As we’ve seen so far in Westworld‘s second season, the power dynamic between the hosts and humans is completely changing. No longer are the humans entrapping the androids in a playground built for sinning; now, the hosts are the ones holding the humans hostage and dictating their own new set of rules.
Maeve (Thandie Newton) is one of these hosts blazing her own new trail in pursuit of her daughter, pulling in tow a group of humans and robots determined to help her reach her goal. In a recent interview with Refinery 29, the actress commented on this shift in the power dynamic, and specifically, the meaning behind the scene in the season premiere involving her insistence that Sizemore (Simon Quarterman) strip down naked.
“It was always an intention to see things from the robot’s point of view,” says the actress. “So, the second season, when Maeve insists that [Lee] strip to nothing, she wants him to truly feel how it feels. To be that vulnerable…I think it sets the tone of what the show is going to be focusing on in the second season, which is to turn the tables.”
The intention of building parks like Westworld and Shogun World is to allow its human guests to explore their greatest vices in an atmosphere devoid of vulnerability. Therefore, removing that sense of security and protection and exposing the humans to real vulnerabilities and dangers is the ultimate way of yanking the power away from them. From what we’ve seen so far, this strategy looks to be working quite well!
Check out Refinery 29‘s full interview with Newton here.
So far this season, Bernard (Jeffrey Wright) has acted as the conduit between the two timelines the show is jumping back and forth between. In both, the character is trying to comprehend his surroundings and make sense of the chaos unfolding around him, all while both the humans and androids are working to maintain a grasp on the power and control currently in flux.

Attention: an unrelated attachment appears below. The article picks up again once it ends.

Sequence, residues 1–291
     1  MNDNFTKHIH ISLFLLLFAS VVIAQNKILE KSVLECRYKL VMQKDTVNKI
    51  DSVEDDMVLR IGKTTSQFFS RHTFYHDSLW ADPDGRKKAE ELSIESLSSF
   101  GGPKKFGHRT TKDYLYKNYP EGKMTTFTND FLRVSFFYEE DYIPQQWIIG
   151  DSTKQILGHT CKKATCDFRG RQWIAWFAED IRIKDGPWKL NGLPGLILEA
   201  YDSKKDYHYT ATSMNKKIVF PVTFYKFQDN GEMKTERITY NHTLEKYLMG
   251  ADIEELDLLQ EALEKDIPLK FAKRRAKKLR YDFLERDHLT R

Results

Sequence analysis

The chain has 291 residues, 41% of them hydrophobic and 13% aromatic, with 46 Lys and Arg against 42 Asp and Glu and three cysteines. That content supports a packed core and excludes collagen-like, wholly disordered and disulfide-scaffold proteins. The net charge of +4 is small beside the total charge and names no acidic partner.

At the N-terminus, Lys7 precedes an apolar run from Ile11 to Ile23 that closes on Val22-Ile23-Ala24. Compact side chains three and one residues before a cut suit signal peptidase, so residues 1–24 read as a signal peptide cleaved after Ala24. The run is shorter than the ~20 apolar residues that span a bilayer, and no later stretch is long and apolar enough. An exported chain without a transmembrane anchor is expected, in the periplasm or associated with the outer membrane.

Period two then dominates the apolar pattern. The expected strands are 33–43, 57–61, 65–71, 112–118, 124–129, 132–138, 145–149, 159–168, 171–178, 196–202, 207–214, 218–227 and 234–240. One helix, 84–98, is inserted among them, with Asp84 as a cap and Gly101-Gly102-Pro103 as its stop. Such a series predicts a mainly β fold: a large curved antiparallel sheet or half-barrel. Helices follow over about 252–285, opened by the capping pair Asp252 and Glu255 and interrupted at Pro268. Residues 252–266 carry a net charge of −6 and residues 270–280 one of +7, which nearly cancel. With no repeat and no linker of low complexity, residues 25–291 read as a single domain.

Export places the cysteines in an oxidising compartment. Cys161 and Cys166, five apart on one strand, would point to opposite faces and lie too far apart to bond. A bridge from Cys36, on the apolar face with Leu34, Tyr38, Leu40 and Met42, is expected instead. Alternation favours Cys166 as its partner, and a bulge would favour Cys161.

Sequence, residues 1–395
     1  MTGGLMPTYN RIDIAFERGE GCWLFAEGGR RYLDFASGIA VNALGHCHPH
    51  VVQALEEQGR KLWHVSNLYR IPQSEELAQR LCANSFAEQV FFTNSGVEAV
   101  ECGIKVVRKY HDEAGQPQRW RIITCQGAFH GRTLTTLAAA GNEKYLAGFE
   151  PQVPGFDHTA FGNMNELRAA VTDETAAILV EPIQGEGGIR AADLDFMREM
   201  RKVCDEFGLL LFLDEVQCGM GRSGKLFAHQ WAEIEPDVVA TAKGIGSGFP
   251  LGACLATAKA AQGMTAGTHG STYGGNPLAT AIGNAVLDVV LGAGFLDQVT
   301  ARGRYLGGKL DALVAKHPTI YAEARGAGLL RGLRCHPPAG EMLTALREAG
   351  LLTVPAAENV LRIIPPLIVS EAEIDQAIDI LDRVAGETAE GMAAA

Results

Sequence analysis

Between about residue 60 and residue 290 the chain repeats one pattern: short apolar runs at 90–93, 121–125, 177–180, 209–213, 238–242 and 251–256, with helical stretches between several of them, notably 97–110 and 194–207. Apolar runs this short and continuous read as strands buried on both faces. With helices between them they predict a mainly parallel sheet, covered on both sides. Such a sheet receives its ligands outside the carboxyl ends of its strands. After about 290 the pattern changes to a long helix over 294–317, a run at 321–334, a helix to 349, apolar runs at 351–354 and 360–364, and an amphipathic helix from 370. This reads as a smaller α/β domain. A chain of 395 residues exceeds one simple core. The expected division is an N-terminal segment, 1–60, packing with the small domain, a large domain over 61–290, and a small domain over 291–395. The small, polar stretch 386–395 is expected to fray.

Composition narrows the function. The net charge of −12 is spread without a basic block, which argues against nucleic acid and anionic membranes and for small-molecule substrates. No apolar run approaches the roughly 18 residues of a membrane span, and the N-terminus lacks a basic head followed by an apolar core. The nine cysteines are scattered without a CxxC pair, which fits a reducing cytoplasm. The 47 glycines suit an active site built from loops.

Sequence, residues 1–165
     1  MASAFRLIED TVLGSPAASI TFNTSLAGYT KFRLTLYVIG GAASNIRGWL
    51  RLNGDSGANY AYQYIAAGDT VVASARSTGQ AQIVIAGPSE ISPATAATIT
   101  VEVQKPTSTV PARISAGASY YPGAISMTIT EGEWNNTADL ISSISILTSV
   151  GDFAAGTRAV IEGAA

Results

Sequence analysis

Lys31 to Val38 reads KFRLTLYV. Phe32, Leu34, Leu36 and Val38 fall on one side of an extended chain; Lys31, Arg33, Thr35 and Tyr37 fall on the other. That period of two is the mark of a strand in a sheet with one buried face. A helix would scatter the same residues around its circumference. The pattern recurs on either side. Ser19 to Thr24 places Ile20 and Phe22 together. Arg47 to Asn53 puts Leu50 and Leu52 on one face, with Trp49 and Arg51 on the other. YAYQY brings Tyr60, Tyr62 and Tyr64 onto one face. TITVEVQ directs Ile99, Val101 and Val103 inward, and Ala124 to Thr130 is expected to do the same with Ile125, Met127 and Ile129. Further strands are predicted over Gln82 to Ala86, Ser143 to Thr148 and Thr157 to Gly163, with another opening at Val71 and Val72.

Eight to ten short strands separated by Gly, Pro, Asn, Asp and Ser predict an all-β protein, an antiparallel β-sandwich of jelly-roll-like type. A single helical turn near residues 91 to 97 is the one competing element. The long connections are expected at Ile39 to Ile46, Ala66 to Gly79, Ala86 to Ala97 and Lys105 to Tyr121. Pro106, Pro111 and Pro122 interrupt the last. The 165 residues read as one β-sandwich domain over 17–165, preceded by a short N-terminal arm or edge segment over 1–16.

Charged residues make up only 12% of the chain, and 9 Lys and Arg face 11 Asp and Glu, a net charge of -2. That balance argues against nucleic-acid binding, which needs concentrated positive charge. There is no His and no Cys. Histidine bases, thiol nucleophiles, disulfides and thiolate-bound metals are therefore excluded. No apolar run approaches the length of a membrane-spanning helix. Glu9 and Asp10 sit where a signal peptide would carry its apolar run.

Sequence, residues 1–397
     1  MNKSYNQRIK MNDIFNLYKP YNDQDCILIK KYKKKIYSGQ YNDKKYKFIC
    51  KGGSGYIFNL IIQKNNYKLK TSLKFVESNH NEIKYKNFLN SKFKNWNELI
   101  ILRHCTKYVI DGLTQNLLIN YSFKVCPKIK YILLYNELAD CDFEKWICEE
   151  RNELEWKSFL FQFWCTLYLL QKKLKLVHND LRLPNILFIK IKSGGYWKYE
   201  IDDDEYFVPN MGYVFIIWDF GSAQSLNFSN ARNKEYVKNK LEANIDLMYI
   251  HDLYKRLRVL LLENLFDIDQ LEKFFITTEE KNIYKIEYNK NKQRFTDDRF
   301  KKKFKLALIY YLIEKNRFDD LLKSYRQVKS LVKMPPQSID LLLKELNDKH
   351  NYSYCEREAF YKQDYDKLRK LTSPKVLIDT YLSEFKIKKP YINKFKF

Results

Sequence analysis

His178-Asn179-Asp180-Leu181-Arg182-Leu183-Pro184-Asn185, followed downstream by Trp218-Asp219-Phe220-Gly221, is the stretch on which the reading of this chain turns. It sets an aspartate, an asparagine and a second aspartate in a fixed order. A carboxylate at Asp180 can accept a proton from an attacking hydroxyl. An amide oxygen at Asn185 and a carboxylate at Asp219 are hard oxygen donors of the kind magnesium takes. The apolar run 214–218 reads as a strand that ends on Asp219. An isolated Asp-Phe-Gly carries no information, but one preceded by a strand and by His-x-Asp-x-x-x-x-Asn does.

During The Wall Street Journal Future of Everything Festival, Wright was invited to speak about his thoughts on merging humans and technology, and how he mentally prepared himself to take on the variety of different scenes involving Bernard this season.
“He’s wrestling with a relationship to time, wrestling with a relationship to space, trying to orient himself as a machine, having all of these memories existing at the same time within his hard drive,” says the actor. “And so, for me as an actor, what it asks of me is to do the same.”
It’s no easy task putting yourself into the mind of a fictional character, and bringing that mental state to life through your words and actions. But, for Wright, one can imagine the process of acquiring Bernard’s mental state was incredibly challenging, and perhaps even a little frightening. Luckily, Wright has managed to give us fans an incredible performance thus far, and I can only imagine his portrayal will only get better as he spends more time with the character for the remainder of this season, and in season 3 to come.
Check out the highlights of Wright’s talk below:
Finally, we end on a lighter note with an interview featuring Luke Hemsworth (Stubbs). The actor stopped by Conan to talk about the very realistic gore featured in Westworld so far this season.
“The special effects stuff is beautiful. And, you know, the magic of that show is they don’t use a lot of green screen, they don’t do a lot of after visual effects,” notes the actor. “It’s all in camera, it’s all prosthetics and beautiful makeup.”
Hemsworth goes on to talk about how realistic the dummies are that the actors work with when shooting scenes involving the cutting open of a skull or the slicing of a neck – realistic to the point where there is very little acting that actually needs to be done to portray how difficult and downright gross it is to have blood spewing out as you’re cutting into flesh. Oh, and the actor also discusses a time he thought it would be appropriate to bring his kids to set while filming one of these gory scenes.
Check out Hemsworth’s entire (very funny) interview below, and let us know what you think!